The back seat of the Honda Amaze is very comfortable with a comfy recline angle and ample thigh support. Legroom is huge too for a car of this size, and because the front seatbacks are scooped in, knee room is ample.
This new-gen Amaze isn’t just grown up on the outside; it’s a significant step up on the inside too – be it space or appeal. The two-tone dashboard might seem a bit busy with lots of design elements, but, more importantly, offers a big jump in the quality. The plastics though not ‘soft-touch’ are nicely textured and have a premium feel. Certain bits like the steering controls, climate control knobs and buttons are superbly finished, and the meaty steering wheel is great to grip. A huge improvement here is the front seats, which now get adjustable neck restraints and high-quality fabrics. The redesigned seats are well-contoured and offer good support. In fact, it’s safe to say that these are amongst the comfiest seats in a compact sedan. The touchscreen is smooth to operate, and it is easy to navigate through the various menus, but the hard buttons on the side are too tiny and feel flimsy to operate. Also, we wish Honda offered a good old-fashioned rotary knob for the volume. The Amaze comes with both Apple CarPlay and Android Auto in addition to satellite navigation, which is now de rigueur in today’s competitive market. The back seat is very comfortable with a comfy recline angle and ample thigh support. Legroom is huge too for a car of this size, and because the front seatbacks are scooped in, knee room is ample.
Performance of the Honda Amaze is brisk and effortless, as the CVT keeps the engine spinning right in the meat of its powerband. It works very smoothly and even when driven aggressively.
Although the new Amaze misses out on rear air-con vents, the air-con compressor has been upgraded to larger capacity units, and yes, it cools the cabin very rapidly. In terms of equipment though, the top variants feature cruise control, keyless entry/go, tilt steering adjustment, touchscreen infotainment system, climate control and the petrol-automatic gets paddleshifters. Safety kit like ABS, EBD, dual airbags and Isofix child seat mounts on the rear seat are standard across the range. What’s nice is that there are several well-shaped storage areas across the cabin, including bottle holders in the doors. The boot is now larger by 20 litres, taking the total cargo capacity to 420 litres, which is segment-best.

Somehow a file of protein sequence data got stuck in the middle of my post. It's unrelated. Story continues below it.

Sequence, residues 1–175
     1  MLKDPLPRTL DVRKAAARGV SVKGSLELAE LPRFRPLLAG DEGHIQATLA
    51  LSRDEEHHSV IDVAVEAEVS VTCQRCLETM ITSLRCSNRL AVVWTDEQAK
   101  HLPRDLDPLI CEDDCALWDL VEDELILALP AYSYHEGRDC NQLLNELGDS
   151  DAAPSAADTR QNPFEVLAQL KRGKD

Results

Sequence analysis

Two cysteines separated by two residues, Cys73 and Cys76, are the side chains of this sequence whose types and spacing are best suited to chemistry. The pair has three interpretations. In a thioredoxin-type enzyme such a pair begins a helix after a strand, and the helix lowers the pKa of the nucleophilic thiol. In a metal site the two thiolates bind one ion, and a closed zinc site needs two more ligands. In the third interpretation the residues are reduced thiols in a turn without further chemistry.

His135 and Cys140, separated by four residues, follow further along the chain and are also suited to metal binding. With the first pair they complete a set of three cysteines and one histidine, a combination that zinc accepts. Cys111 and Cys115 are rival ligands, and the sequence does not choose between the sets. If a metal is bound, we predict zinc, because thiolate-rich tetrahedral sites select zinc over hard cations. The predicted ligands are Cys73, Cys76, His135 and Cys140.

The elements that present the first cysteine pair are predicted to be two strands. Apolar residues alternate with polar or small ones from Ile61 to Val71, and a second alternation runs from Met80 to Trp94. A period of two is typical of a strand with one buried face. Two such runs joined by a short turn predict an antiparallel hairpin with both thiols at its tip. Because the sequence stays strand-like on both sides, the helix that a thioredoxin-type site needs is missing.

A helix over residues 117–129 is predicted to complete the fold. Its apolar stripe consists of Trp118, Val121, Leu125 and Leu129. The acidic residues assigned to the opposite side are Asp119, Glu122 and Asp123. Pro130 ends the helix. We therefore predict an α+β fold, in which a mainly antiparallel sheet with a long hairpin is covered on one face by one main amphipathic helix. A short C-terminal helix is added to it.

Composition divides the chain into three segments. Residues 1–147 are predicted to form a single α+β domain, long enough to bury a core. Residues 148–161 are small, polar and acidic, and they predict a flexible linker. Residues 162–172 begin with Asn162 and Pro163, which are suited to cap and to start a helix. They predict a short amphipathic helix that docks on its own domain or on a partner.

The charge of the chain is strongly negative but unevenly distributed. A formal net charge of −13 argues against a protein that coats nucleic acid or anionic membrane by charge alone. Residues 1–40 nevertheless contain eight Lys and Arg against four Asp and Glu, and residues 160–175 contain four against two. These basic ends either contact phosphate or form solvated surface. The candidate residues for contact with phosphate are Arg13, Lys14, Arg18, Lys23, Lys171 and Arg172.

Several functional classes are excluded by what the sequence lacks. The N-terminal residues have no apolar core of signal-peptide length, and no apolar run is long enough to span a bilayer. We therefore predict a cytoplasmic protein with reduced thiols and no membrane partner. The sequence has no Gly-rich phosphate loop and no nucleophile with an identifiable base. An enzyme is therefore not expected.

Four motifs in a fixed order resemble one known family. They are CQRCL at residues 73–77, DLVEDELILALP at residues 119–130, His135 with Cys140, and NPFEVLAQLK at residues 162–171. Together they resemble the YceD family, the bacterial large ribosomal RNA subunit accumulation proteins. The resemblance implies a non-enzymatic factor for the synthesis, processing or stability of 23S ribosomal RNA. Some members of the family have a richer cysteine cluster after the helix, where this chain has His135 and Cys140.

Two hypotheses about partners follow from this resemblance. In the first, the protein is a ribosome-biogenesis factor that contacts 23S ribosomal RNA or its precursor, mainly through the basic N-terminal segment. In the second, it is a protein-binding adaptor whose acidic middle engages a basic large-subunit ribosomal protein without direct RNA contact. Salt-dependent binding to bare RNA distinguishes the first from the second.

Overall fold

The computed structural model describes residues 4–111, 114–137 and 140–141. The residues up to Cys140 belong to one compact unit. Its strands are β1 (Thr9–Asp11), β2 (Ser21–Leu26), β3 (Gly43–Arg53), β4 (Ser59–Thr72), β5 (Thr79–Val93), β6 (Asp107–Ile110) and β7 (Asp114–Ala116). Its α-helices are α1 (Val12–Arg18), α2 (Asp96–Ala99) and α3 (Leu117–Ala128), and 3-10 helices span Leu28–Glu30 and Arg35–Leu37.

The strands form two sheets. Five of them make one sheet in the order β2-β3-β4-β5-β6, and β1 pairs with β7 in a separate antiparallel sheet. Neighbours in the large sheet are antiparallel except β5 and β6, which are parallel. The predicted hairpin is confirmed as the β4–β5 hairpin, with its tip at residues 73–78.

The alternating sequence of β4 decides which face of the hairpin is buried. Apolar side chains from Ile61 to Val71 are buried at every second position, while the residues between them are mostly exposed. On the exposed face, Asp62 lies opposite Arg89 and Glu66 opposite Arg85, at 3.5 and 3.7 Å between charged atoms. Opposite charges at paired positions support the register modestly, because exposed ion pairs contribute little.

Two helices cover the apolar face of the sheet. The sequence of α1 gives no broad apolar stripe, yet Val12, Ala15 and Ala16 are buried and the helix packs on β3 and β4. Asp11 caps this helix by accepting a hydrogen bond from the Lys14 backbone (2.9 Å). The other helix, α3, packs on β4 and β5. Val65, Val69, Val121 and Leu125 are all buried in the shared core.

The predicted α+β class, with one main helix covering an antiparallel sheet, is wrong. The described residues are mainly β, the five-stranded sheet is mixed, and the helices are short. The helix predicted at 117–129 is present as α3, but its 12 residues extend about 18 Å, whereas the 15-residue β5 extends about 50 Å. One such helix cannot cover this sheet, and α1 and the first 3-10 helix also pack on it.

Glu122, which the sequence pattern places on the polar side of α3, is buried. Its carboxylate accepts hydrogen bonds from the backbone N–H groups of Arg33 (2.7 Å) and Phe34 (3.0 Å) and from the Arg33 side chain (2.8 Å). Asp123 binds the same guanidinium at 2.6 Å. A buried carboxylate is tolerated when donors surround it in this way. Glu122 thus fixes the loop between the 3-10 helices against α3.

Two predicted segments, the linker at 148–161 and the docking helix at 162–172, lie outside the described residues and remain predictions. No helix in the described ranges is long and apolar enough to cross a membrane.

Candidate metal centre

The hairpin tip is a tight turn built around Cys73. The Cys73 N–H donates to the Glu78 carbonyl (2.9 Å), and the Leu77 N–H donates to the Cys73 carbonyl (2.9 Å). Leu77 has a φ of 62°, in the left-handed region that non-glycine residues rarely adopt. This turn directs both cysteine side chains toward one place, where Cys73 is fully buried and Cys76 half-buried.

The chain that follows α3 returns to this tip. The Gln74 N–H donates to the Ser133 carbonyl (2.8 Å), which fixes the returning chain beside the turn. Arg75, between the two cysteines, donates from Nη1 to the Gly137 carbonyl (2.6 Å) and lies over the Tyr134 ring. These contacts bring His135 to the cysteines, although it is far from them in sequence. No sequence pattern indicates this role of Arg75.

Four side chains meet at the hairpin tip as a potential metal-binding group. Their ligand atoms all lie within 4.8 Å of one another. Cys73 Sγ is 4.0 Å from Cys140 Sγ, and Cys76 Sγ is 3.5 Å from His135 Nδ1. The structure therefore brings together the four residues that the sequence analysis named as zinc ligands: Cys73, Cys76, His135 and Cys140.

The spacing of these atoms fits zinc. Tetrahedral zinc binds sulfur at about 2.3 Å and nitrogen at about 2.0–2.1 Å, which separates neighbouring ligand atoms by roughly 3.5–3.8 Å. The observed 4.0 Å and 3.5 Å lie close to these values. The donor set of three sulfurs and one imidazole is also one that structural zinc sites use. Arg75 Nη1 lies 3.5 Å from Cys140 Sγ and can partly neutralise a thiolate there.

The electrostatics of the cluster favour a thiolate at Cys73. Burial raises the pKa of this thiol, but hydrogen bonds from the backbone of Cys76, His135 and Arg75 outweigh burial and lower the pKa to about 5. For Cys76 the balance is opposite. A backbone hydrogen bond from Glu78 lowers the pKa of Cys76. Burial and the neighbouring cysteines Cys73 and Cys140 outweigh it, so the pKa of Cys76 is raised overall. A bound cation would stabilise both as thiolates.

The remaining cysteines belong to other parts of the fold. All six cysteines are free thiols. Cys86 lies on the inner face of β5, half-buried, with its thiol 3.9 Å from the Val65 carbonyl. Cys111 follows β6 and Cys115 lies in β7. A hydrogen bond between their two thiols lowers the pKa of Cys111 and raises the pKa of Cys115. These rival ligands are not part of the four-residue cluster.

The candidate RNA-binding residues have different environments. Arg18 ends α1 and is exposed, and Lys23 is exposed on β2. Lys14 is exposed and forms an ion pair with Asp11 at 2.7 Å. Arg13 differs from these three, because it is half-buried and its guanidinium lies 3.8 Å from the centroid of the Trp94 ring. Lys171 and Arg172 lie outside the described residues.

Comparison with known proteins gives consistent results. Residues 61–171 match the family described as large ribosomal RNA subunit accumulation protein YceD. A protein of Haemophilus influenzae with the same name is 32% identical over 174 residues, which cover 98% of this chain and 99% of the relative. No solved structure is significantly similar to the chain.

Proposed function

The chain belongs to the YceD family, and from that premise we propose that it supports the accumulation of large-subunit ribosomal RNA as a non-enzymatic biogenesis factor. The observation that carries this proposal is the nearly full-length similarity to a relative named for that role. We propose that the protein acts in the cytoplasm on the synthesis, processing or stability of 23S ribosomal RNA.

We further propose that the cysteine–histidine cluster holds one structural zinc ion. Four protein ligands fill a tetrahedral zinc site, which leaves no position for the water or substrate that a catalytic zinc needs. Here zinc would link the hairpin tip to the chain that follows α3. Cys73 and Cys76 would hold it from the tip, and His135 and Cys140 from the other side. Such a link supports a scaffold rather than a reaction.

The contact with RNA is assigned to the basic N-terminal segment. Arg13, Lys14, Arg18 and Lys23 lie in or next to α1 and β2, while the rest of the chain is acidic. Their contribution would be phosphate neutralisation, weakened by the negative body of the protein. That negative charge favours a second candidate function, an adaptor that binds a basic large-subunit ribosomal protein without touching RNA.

When it comes to refinement, ride quality and overall space and comfort, Honda has truly stepped up its game with this new car. The ace up its sleeve is the diesel-CVT, which performs remarkably well, and combines convenience and efficiency like no other automatic. The downside is that the diesel-CVT won’t be available in the top VX variant, so the touchscreen is something you’ll have to make do without. Can the new Amaze take the fight to the segment-ruling Suzuki Dzire? No doubt, it offers a lot more, but will that all come at a price? Honda knows it has to be priced competitively to lure customers away from its rivals, and that’s what it’s likely to do. Finally, there’s a strong alternative to the Dzire.
First Published: May 05, 2018 09:02:08